Sunday, October 22, 2017

Public Policy Suffers when Price Theory is Ignored

Jason Furman and Larry Summers weighed in this week about the quantitative amount that labor can benefit from a capital-income tax cut.

It soon became clear that they had failed to carefully use price theory in coming to their conclusions.

Furman and now Krugman (update: and now Summers) are admitting that simple supply and demand vividly contradicts what they said/say about taxes, but assert that the world is more complicated. I agree.

But they are dead wrong to further assert, without evidence (and I suspect without thinking), that adding complications will overturn the simple supply and demand conclusion or at least weaken the contradiction contained in their original proclamations.

(So far, Summers has wisely refrained from trying to defend his mistake.  Update: he replied 2 hours after I posted this -- see the update at the very end of this post.)

Supply and demand can do more than I have already shown.  Supply and demand also:

  1. can give quantitative answers.  Greg Mankiw writes "I must confess that I am amazed at how simply this [quantitative formula] turns out. In particular, I do not have much intuition for why, for example, the answer does not depend on the production function."  Supply and demand can answer his question, without any algebra.
  2. can deal with complexities, such as "imperfect competition."  The simple supply and demand model assumes perfect competition, but that assumption can be and has been modified.  Guess what?!  Making that modification shows that even the simply supply and demand model, let alone the proclamations of Furman-Summers-Krugman, understates the wage impact of capital-income taxation.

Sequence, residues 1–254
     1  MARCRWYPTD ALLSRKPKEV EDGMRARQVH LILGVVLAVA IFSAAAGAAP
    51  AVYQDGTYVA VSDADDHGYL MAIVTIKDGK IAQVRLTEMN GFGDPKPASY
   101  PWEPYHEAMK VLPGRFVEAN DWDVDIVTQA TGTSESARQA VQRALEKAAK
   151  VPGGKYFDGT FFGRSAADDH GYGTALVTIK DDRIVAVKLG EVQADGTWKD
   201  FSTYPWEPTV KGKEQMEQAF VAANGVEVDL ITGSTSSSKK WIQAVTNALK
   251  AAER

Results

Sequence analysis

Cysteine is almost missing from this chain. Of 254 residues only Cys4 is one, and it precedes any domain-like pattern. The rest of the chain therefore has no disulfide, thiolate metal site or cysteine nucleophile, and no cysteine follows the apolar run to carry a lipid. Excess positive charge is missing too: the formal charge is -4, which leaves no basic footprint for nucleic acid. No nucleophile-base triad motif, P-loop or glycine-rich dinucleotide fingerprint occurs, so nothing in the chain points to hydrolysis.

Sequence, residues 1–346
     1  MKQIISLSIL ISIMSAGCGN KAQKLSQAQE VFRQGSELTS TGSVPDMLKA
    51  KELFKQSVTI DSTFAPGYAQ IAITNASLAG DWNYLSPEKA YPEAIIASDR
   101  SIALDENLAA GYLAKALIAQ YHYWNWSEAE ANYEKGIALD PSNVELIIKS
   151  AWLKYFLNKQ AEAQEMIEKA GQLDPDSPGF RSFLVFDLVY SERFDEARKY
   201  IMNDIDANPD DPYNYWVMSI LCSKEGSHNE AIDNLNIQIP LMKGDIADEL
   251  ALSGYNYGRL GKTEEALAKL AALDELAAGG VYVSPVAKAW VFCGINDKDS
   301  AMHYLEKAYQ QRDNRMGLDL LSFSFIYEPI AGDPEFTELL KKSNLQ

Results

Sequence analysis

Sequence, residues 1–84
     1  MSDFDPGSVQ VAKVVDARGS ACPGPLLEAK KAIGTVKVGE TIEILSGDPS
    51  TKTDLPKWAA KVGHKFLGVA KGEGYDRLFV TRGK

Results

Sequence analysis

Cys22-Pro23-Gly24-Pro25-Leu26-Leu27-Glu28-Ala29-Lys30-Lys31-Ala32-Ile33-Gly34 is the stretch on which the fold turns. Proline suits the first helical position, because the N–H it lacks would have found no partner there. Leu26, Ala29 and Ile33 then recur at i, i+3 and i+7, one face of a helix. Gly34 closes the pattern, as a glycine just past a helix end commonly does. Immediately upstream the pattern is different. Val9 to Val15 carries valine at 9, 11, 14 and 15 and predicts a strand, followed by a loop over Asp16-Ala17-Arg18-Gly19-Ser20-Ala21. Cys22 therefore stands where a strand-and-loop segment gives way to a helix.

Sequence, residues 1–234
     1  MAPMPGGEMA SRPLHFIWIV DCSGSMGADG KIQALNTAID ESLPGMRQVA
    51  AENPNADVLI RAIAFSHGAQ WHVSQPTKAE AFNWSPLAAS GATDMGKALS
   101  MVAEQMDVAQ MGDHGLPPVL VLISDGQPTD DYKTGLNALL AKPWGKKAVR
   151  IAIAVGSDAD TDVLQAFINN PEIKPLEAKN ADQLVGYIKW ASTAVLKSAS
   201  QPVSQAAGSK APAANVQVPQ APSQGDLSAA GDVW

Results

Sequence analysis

[Hints: what new rectangles appear when the factor-renter is selling his product for more than marginal cost? What determines the equilibrium size of those rectangles?  Why should we use the corporate tax to rather than the DOJ to fight monopoly?]
  3. can deal with complexities, such as debt finance.  Having uneven taxation of different types of capital tends to reduce the denominator of the Furman ratio more than it reduces the numerator.  i.e., Furman still has it even more backwards than I thought (update: Summers too).
  4. explains why horizontal capital supply is not an "extreme" caseGary Becker and I explained why capital supply probably slopes down somewhat in the long run (thanks Kevin M. Murphy for reminding me about this -- not to mention for teaching so many of us about price theory!)
  5. shows you how to process the economic data.  Furman and Krugman make evidence-free proclamations about the elasticity of capital supply.  Supply and demand shows what economic data is needed to measure that elasticity (spoiler: it's not complicated, and shows a very high elasticity).

I will post on these individually next week (week of Oct 30). In the meantime, you may be interested in a previous instance when, with important public-policy issues at stake, Krugman failed to appreciate what supply and demand really says.

Update: 2 hours later Summers posted a reply that reiterates the "it's complicated," "monopoly profits," and "debt finance" excuses for ignoring what the simple model says.  See my points 2 and 3 above.

He also hopes that you forget that he referred to CEA's result -- which is generally in agreement with the simple supply and demand model -- as "unprecedented in analyses of tax incidence."

Regarding Summers' other replies, see here.

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